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Does Europe have better sunscreens?

Americans have fewer choices in their sunscreen options – and therefore notably poorer protection from harmful ultraviolet A, or UVA, rays – than Europeans do. UVA rays have less energy than ultraviolet B, or UVB, rays and don’t burn the skin. But UVA rays can cause the skin to age, suppress the immune system and contribute to the development of skin cancer. So although most U.S. sunscreens prevent sunburn effectively when used correctly, they aren’t as good as European sunscreens at preventing the more subtle skin damage produced by UVA radiation.

No new sunscreen filters have been approved by the Food and Drug Administration since the 1990s. In 2019, the FDA proposed rules to strengthen the UVA protection offered by U.S. sunscreens, expressing concern over the role UVA rays play in cancer development. But without new active ingredients designed to reduce UVA rays, the changes to sunscreen formulations will be minor.

In the nations regulated by the European Commission, manufacturers voluntarily comply with a recommendation that all sunscreens offer UVA protection at least one-third as potent as the SPF, the measure of a product’s ability to shield against UVB rays, which are the rays responsible for sunburn (European Commission 2006, Colipa 2009). So if, for instance, a product advertises SPF 30, its UVA protection must be at least 10.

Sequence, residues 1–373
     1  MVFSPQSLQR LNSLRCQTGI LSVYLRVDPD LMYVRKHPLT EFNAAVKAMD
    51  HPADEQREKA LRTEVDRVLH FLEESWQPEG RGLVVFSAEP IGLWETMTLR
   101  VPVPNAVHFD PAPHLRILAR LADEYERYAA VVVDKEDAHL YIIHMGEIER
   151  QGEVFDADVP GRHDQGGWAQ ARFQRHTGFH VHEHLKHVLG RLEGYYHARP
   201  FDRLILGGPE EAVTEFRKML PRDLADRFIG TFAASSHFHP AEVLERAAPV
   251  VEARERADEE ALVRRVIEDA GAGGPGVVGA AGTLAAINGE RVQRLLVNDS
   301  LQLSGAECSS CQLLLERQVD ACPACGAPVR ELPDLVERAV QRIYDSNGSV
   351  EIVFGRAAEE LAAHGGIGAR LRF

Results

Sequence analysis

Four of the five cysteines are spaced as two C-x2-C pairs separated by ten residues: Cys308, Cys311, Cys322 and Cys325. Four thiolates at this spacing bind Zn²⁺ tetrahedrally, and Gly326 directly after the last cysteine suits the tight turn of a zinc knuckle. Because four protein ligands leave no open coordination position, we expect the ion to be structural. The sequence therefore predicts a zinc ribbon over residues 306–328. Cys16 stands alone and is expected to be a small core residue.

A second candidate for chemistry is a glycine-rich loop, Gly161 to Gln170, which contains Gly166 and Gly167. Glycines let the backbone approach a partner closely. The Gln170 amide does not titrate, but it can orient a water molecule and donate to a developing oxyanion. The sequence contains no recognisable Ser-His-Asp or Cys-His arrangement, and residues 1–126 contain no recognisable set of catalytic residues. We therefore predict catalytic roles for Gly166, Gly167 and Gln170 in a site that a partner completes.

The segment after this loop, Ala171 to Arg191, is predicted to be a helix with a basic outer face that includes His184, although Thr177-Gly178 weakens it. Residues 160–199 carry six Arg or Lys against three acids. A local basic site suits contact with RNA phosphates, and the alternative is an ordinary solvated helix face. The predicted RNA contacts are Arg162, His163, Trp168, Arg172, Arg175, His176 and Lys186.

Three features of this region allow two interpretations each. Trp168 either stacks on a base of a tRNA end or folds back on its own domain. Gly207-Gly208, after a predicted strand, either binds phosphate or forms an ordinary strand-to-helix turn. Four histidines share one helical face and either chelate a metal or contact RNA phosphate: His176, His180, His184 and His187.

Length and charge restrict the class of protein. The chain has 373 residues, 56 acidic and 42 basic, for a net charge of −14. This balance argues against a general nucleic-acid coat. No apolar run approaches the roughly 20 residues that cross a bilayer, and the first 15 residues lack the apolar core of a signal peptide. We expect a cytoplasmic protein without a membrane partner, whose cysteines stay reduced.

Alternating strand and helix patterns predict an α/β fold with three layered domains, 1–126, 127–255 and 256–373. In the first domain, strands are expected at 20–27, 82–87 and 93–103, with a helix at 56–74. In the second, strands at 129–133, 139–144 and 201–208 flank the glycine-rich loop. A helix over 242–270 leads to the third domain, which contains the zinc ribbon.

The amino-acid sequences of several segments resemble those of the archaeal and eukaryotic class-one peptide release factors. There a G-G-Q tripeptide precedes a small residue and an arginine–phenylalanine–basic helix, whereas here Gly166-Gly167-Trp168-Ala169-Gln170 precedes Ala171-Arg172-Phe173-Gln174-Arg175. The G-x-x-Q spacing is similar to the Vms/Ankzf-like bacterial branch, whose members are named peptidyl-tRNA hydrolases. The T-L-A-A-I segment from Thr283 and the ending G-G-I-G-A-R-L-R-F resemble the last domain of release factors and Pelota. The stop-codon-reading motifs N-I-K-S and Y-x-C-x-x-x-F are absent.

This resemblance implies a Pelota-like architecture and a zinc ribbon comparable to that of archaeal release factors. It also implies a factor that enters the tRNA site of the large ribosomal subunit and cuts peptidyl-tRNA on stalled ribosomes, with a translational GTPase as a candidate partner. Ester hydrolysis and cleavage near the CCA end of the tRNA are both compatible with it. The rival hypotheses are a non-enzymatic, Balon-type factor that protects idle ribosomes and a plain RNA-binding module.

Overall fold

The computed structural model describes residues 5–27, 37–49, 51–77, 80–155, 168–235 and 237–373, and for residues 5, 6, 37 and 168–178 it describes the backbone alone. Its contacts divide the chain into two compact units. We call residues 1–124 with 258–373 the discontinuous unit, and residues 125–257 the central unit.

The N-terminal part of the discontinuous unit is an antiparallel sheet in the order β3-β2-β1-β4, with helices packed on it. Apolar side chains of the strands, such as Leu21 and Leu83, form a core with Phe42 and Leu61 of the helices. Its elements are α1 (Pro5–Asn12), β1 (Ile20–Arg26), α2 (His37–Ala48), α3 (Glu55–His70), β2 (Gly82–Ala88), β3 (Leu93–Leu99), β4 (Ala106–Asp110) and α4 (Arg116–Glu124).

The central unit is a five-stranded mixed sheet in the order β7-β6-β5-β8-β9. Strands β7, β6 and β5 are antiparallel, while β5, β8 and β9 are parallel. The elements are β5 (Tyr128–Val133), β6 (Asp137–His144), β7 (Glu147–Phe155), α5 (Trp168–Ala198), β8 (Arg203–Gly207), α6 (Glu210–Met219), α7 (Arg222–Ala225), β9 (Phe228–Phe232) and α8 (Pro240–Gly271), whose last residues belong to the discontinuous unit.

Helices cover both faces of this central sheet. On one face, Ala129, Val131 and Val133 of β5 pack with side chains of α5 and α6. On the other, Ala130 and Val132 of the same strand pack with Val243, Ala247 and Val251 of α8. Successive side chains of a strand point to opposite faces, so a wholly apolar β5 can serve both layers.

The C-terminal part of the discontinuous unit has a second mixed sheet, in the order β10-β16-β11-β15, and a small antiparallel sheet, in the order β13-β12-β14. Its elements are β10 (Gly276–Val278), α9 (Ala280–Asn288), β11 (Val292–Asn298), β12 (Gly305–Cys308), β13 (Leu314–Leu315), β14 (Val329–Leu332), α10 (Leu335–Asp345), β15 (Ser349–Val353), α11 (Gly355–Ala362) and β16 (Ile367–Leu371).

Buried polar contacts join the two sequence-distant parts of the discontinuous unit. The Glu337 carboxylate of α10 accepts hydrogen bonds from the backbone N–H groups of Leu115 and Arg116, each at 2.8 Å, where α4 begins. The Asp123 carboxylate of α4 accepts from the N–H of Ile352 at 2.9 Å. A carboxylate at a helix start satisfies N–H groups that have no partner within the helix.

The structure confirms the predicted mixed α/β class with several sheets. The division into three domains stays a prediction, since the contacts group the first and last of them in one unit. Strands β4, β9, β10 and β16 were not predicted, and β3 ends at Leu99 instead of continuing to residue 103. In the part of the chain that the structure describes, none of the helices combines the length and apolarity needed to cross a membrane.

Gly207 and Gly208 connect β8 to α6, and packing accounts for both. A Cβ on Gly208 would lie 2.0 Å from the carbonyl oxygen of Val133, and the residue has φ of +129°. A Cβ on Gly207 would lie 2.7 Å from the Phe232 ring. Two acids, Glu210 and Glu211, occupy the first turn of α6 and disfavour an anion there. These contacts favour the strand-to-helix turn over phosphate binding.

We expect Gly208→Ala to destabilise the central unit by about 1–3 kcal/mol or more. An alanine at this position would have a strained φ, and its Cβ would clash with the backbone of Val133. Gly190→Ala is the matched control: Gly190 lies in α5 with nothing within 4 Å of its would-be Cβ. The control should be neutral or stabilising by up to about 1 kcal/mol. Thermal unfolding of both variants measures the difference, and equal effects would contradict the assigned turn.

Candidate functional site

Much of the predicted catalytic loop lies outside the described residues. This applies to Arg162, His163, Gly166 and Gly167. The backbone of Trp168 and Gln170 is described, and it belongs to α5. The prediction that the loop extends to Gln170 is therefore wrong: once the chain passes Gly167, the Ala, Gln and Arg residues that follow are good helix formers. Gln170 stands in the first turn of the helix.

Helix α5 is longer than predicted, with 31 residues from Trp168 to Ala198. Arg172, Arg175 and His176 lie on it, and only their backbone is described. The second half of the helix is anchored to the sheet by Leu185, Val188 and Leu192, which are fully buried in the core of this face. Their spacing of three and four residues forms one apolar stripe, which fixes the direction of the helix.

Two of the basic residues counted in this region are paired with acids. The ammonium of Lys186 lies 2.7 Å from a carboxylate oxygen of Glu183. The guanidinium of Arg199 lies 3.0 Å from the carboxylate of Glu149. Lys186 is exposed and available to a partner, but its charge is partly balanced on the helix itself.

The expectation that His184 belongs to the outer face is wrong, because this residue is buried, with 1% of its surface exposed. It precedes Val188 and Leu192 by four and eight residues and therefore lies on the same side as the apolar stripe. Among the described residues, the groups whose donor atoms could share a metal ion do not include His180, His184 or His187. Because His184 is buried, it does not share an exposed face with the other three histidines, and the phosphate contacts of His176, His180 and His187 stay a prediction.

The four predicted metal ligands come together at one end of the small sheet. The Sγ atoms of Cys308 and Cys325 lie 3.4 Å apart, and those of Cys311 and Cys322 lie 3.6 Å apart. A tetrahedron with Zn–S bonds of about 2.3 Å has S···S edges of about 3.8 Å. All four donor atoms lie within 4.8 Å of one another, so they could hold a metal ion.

EWG estimates that, because most sunscreens don’t filter UVA rays well enough, those sold in the U.S. would be too weak for the European market. An EWG study of laboratory tests of 51 sunscreen products found that only 35 percent of the products tested met the EU standard, but 94 percent would pass the current U.S. standard. And FDA tests of U.S. products found that UVA protection varied significantly, even among those carrying the same SPF on their label (Coelho 2020).

British researcher Brian Diffey evaluated the UV protection of four U.S. sunscreens and four sold in Europe, each of which had an SPF value of 50 or 50+. He found that the U.S. sunscreens allowed, on average, three times more UVA rays to pass through to the skin than the European products did (Diffey 2015).

Sunscreen manufacturers that make products for the European market can pick and choose among seven ingredients that offer strong protection against UVA radiation. Some of these chemicals appear to offer significant performance advantages over the sunscreen chemicals the FDA permits in products sold on the American market. Only two FDA-approved ingredients offer strong protection against UVA rays, avobenzone and zinc oxide.

UVA filters

There is a disconnect between the chemical approval process and what’s available on the market. The FDA is reluctant to approve new sunscreen ingredients, but there’s little reassurance most of the chemicals already being used in U.S. products are safe.

According to the FDA’s 2019 proposed final sunscreen monograph, only two active ingredients allowed in U.S. sunscreens, zinc oxide and titanium dioxide, are considered safe and effective. Twelve other chemical-based active ingredients have already been approved, and some can be found in most products on the U.S. market. Nonetheless, the agency doesn’t have enough data to determine the safety of these chemicals.